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Goodrow made a fantastic play on the demoralizing goal, but it's worth keeping an eye on Coleman throughout. He takes a run at Danault when he could easily breeze through until the final horn, and then chooses a hard, direct line to the net, using every inch of the distance travelled to knock in the goal that spoiled what had been Montreal's best period of the six played to this point. 

Combined, Gourde, Coleman and Goodrow have just 20 points in the club's 20 postseason games, but it seems like it's no coincidence that the Lightning haven't lost a postseason series since one of the league's most industrious line combinations was installed underneath the ultra-skilled groups in Jon Cooper's lineup.

Montreal rebounds

After Game 1, it must have been a struggle for Luke Richardson and Dominique Ducharme to identify positives in their post-game Zoom meeting. But on the heels of Game 2, I doubt the Montreal coaches encounter the same issue — even if the hole they sit in has become a little deeper after tonight.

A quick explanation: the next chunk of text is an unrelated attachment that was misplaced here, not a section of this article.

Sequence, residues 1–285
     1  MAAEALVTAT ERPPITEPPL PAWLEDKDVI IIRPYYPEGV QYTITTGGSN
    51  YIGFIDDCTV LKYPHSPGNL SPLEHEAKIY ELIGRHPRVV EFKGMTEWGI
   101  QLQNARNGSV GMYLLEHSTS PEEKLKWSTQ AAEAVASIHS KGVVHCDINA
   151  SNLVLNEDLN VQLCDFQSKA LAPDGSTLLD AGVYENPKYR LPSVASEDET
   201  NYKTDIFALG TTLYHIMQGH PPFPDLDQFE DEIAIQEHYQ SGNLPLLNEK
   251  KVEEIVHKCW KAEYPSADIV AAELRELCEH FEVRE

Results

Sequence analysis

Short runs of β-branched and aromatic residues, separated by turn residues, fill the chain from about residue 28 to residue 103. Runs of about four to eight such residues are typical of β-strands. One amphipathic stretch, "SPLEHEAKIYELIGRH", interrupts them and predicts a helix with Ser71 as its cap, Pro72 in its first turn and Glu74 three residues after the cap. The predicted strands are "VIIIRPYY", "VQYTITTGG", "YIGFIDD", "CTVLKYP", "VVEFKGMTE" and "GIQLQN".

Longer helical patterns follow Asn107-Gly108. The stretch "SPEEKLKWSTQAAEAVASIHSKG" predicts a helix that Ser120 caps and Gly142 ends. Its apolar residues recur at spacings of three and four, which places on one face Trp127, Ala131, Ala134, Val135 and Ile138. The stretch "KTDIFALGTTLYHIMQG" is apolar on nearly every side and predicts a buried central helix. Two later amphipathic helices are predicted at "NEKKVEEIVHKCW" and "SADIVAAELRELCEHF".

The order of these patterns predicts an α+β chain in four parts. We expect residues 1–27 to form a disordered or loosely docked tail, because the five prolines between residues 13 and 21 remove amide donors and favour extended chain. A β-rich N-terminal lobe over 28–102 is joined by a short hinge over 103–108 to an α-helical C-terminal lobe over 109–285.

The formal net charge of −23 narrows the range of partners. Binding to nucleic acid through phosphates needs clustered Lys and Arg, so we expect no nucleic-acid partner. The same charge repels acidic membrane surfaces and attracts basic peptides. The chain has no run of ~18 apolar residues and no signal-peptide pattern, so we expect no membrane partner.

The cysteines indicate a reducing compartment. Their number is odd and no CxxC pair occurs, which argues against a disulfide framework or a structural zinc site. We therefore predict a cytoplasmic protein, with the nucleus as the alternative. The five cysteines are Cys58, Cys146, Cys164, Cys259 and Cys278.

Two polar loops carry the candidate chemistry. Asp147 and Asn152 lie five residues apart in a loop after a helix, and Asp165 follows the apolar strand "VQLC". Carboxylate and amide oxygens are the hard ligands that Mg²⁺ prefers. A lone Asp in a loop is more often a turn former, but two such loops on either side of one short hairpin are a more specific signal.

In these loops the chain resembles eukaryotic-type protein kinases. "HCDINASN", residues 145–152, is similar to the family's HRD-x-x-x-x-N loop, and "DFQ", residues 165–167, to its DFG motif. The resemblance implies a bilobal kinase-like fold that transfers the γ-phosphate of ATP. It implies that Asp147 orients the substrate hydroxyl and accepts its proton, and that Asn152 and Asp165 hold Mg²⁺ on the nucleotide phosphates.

Montreal was, quite clearly, the better team in Game 2. Did it hit a quota of self-sabotaging mistakes? Yes. Did it break through offensively? No. However, from minute to minute, shift to shift, and period to period, the Canadiens substantially improved their performance, making progress in the series. 

It's the first time they have fallen down 2-0 in these playoffs, but in series victories over Toronto and Vegas on the path to this moment, it took time for the Canadiens to put the puzzle together. It's very possible that time runs out, and the Lightning prove to be an opponent they can't solve over the course of a seven-game series, but the Canadiens now have something to build on.

At the individual level, Nick Suzuki has that in spades.